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Indian sub-continent voters to play a decisive role in general election


Over 25 constituencies have 40 per cent voters from ethnic minorities

14th April 2010: Indian sub-continent voters will play a more decisive role in the 2010 general election than ever before.

A new research suggests nothing less than 25 parliamentary constituencies have more than 40 per cent of their voting population from ethnic minorities. In fact, the voters are from the Indian, Pakistani and Bangladeshi communities.

The parliamentary constituencies where over 40 per cent of the population was categorised as being from an ethnic minority in the 2001 census include East Harrow 66.3 per cent, Birmingham Ladywood 64.9 per cent, Birmingham Sparkbrook and Small Heath 64.8 per cent, and Brent South 64.6 per cent.

The research, by Prof. Muhammad Anwar of the University of Warwick, even suggests they are more likely to turn out to vote than their white neighbours.

Prof. Anwar has asserted that ethnic minorities voter registration is approaching levels of white voters; and their turnout is now higher than the national average.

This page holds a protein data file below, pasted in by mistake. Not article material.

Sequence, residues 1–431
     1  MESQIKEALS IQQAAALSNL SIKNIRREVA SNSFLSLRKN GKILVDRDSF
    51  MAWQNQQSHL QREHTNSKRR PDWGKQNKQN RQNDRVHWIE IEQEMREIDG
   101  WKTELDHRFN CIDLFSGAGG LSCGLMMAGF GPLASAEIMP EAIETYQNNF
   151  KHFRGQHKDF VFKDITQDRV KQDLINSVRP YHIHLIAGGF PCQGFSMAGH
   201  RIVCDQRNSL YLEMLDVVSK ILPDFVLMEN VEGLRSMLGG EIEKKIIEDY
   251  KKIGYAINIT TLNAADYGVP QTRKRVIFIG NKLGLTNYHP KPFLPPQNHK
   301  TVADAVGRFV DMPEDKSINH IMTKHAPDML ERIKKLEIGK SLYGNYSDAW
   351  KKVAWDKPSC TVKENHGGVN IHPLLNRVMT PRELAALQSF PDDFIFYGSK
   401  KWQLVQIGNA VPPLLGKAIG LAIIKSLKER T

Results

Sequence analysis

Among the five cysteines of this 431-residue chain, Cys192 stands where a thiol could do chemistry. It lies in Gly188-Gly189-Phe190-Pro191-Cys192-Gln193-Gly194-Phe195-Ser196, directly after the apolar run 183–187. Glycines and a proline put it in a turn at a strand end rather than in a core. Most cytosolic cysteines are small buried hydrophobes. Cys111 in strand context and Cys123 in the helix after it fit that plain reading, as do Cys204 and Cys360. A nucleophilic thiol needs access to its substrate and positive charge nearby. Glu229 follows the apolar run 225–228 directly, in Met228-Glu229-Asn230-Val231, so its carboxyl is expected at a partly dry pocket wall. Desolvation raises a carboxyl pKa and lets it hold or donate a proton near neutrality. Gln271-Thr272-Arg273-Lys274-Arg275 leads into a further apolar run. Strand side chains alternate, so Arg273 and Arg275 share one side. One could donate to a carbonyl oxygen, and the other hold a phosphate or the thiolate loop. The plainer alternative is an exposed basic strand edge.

In the previous general election held in 2005, the national average turnout was 61.4 per cent, but for Bangladeshi voters it was 76 per cent, Pakistanis 70 per cent and Indians 67 per cent.

The higher levels of turn-out among Asians and particularly Muslim groups are likely to continue in future.

The findings come just about for weeks before the general elections.
The research says the minorities are still ‘massively undervalued and under-represented’, even though the ethnic minority vote will be more important than ever before.

Prof. Anwar says in recent years Muslims in Britain and elsewhere have become a focus of attention for politicians and the media. As such, Muslims themselves have become more conscious of their rights and responsibilities as British citizens, including participation in the electoral process.

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